Please use this identifier to cite or link to this item: https://doi.org/10.1371/journal.pone.0020104
Title: Progression of biopsy-measured liver fibrosis in untreated patients with hepatitis c infection: Non-markov multistate model analysis
Authors: Bacchetti P.
Boylan R.
Astemborski J.
Shen H. 
Mehta S.H.
Thomas D.L.
Terrault N.A.
Monto A.
Keywords: adolescent
adult
African American
age
article
controlled study
disease course
female
hepatitis C
high risk patient
human
Human immunodeficiency virus infection
liver biopsy
liver fibrosis
major clinical study
male
mixed infection
protection
risk factor
aging
biological model
biopsy
hepatitis C
liver
liver cirrhosis
middle aged
pathology
probability
sensitivity and specificity
time
Hepatitis C virus
Human immunodeficiency virus
Adolescent
Adult
Aging
Biopsy
Disease Progression
Hepatitis C
Humans
Liver
Liver Cirrhosis
Markov Chains
Middle Aged
Models, Biological
Risk Factors
Sensitivity and Specificity
Time Factors
Young Adult
Issue Date: 2011
Citation: Bacchetti P., Boylan R., Astemborski J., Shen H., Mehta S.H., Thomas D.L., Terrault N.A., Monto A. (2011). Progression of biopsy-measured liver fibrosis in untreated patients with hepatitis c infection: Non-markov multistate model analysis. PLoS ONE 6 (5) : e20104. ScholarBank@NUS Repository. https://doi.org/10.1371/journal.pone.0020104
Abstract: Background: Fibrosis stages from liver biopsies reflect liver damage from hepatitis C infection, but analysis is challenging due to their ordered but non-numeric nature, infrequent measurement, misclassification, and unknown infection times. Methods: We used a non-Markov multistate model, accounting for misclassification, with multiple imputation of unknown infection times, applied to 1062 participants of whom 159 had multiple biopsies. Odds ratios (OR) quantified the estimated effects of covariates on progression risk at any given time. Results: Models estimated that progression risk decreased the more time participants had already spent in the current stage, African American race was protective (OR 0.75, 95% confidence interval 0.60 to 0.95, p = 0.018), and older current age increased risk (OR 1.33 per decade, 95% confidence interval 1.15 to 1.54, p = 0.0002). When controlled for current age, older age at infection did not appear to increase risk (OR 0.92 per decade, 95% confidence interval 0.47 to 1.79, p = 0.80). There was a suggestion that co-infection with human immunodeficiency virus increased risk of progression in the era of highly active antiretroviral treatment beginning in 1996 (OR 2.1, 95% confidence interval 0.97 to 4.4, p = 0.059). Other examined risk factors may influence progression risk, but evidence for or against this was weak due to wide confidence intervals. The main results were essentially unchanged using different assumed misclassification rates or imputation of age of infection. Discussion: The analysis avoided problems inherent in simpler methods, supported the previously suspected protective effect of African American race, and suggested that current age rather than age of infection increases risk. Decreasing risk of progression with longer time already spent in a stage was also previously found for post-transplant progression. This could reflect varying disease activity, with recent progression indicating active disease and high risk, while longer time already spent in a stage indicates quiescent disease and low risk. © 2011 Bacchetti et al.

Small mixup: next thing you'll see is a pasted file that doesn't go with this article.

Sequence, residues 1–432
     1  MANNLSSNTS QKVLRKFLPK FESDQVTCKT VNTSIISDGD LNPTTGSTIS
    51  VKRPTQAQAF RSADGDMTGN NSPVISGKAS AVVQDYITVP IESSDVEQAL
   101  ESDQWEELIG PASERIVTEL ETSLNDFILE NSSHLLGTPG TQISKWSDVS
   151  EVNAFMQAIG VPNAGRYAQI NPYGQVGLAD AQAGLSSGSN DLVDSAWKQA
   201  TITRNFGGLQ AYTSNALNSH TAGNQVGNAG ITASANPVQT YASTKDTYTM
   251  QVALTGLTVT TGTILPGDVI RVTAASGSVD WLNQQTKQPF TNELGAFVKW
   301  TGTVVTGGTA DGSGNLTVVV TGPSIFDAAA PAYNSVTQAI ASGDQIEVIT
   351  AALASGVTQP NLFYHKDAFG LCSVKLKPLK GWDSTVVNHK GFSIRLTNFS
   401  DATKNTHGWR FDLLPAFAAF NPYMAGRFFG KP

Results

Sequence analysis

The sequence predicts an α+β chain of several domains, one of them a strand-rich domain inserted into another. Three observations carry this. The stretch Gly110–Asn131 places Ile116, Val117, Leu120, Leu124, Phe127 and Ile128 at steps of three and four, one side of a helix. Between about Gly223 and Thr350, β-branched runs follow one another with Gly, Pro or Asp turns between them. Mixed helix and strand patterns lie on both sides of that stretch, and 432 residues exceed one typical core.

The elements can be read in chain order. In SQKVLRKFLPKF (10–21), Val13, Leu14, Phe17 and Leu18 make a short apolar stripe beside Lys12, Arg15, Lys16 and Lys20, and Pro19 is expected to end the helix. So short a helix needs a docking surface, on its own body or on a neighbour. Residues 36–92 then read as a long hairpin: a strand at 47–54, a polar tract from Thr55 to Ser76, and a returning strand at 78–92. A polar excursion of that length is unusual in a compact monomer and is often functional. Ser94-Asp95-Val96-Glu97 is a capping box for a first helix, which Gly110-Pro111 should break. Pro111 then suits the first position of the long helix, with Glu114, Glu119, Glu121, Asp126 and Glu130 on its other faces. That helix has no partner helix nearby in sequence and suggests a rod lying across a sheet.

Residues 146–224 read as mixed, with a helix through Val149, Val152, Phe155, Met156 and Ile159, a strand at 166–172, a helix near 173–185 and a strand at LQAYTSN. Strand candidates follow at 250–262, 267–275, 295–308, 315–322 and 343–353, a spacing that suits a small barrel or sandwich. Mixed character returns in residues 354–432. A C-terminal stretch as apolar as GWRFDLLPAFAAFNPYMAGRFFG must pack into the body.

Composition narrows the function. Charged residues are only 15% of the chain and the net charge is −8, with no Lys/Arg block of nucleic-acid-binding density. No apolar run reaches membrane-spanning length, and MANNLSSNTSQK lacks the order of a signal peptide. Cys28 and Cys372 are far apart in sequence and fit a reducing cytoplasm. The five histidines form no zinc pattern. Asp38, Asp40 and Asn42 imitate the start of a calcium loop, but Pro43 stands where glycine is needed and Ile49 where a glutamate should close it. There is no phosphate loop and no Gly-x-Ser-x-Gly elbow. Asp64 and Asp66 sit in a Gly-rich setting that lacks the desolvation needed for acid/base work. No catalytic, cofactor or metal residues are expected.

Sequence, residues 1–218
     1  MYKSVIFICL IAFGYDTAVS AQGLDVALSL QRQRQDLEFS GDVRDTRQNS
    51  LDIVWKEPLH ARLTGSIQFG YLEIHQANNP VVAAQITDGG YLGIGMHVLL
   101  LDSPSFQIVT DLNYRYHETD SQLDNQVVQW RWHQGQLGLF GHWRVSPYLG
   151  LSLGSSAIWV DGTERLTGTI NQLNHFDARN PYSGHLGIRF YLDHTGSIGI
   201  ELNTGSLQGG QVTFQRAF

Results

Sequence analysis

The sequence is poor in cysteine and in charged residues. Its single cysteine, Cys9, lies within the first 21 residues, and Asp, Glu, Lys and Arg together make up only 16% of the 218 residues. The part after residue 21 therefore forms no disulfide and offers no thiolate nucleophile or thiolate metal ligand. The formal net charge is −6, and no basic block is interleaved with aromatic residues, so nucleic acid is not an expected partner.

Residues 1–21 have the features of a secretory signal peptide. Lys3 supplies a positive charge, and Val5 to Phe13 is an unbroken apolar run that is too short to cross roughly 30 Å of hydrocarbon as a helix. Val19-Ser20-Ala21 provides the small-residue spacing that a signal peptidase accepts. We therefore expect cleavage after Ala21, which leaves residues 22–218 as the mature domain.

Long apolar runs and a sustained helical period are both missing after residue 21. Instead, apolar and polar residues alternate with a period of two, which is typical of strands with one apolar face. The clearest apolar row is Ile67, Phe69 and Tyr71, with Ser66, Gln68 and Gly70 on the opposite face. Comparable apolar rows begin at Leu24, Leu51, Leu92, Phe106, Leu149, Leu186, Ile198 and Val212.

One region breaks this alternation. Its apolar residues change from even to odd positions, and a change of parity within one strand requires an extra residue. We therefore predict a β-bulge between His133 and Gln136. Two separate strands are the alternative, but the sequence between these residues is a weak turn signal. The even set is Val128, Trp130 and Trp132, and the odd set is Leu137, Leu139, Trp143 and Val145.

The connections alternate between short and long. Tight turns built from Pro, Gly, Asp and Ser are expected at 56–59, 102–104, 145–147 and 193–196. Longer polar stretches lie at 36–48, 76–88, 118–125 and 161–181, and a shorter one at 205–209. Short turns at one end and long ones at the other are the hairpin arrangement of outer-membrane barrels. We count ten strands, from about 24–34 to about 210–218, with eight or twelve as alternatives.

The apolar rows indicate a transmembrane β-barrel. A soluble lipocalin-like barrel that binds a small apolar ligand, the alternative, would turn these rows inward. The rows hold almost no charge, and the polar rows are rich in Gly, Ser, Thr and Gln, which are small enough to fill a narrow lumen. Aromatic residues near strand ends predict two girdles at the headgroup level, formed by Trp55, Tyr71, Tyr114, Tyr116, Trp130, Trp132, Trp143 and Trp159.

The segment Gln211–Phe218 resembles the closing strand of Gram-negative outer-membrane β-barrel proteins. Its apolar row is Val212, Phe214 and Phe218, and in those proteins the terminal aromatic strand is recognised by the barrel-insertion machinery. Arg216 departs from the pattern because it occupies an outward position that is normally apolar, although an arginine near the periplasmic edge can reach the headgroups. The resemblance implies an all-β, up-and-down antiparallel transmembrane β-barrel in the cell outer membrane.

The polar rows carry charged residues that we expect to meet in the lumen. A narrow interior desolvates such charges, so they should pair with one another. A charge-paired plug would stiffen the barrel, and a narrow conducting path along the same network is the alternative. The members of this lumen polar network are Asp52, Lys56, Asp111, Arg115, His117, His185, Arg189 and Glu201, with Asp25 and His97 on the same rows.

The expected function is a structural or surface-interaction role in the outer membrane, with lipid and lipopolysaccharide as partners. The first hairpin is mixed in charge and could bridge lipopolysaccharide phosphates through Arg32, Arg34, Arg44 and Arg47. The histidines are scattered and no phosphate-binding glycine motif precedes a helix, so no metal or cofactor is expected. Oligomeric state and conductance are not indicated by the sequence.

Source Title: PLoS ONE
URI: https://scholarbank.nus.edu.sg/handle/10635/162048
ISSN: 19326203
DOI: 10.1371/journal.pone.0020104
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